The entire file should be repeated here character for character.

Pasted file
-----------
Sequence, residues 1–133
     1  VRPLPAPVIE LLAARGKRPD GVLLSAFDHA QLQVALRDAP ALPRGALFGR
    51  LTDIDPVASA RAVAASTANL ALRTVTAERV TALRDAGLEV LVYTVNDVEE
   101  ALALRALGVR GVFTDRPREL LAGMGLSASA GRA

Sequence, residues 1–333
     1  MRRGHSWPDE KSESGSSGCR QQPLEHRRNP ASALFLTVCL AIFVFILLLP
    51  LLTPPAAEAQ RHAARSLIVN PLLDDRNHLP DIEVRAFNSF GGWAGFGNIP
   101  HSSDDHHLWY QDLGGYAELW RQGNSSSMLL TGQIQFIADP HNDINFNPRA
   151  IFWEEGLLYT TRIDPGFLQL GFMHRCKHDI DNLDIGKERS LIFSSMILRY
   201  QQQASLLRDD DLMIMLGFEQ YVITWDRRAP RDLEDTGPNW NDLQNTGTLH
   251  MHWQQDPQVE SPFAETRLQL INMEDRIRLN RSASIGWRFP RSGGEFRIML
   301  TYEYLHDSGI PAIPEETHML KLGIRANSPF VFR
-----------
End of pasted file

Sequence, residues 1–133
     1  VRPLPAPVIE LLAARGKRPD GVLLSAFDHA QLQVALRDAP ALPRGALFGR
    51  LTDIDPVASA RAVAASTANL ALRTVTAERV TALRDAGLEV LVYTVNDVEE
   101  ALALRALGVR GVFTDRPREL LAGMGLSASA GRA

Sequence, residues 1–333
     1  MRRGHSWPDE KSESGSSGCR QQPLEHRRNP ASALFLTVCL AIFVFILLLP
    51  LLTPPAAEAQ RHAARSLIVN PLLDDRNHLP DIEVRAFNSF GGWAGFGNIP
   101  HSSDDHHLWY QDLGGYAELW RQGNSSSMLL TGQIQFIADP HNDINFNPRA
   151  IFWEEGLLYT TRIDPGFLQL GFMHRCKHDI DNLDIGKERS LIFSSMILRY
   201  QQQASLLRDD DLMIMLGFEQ YVITWDRRAP RDLEDTGPNW NDLQNTGTLH
   251  MHWQQDPQVE SPFAETRLQL INMEDRIRLN RSASIGWRFP RSGGEFRIML
   301  TYEYLHDSGI PAIPEETHML KLGIRANSPF VFR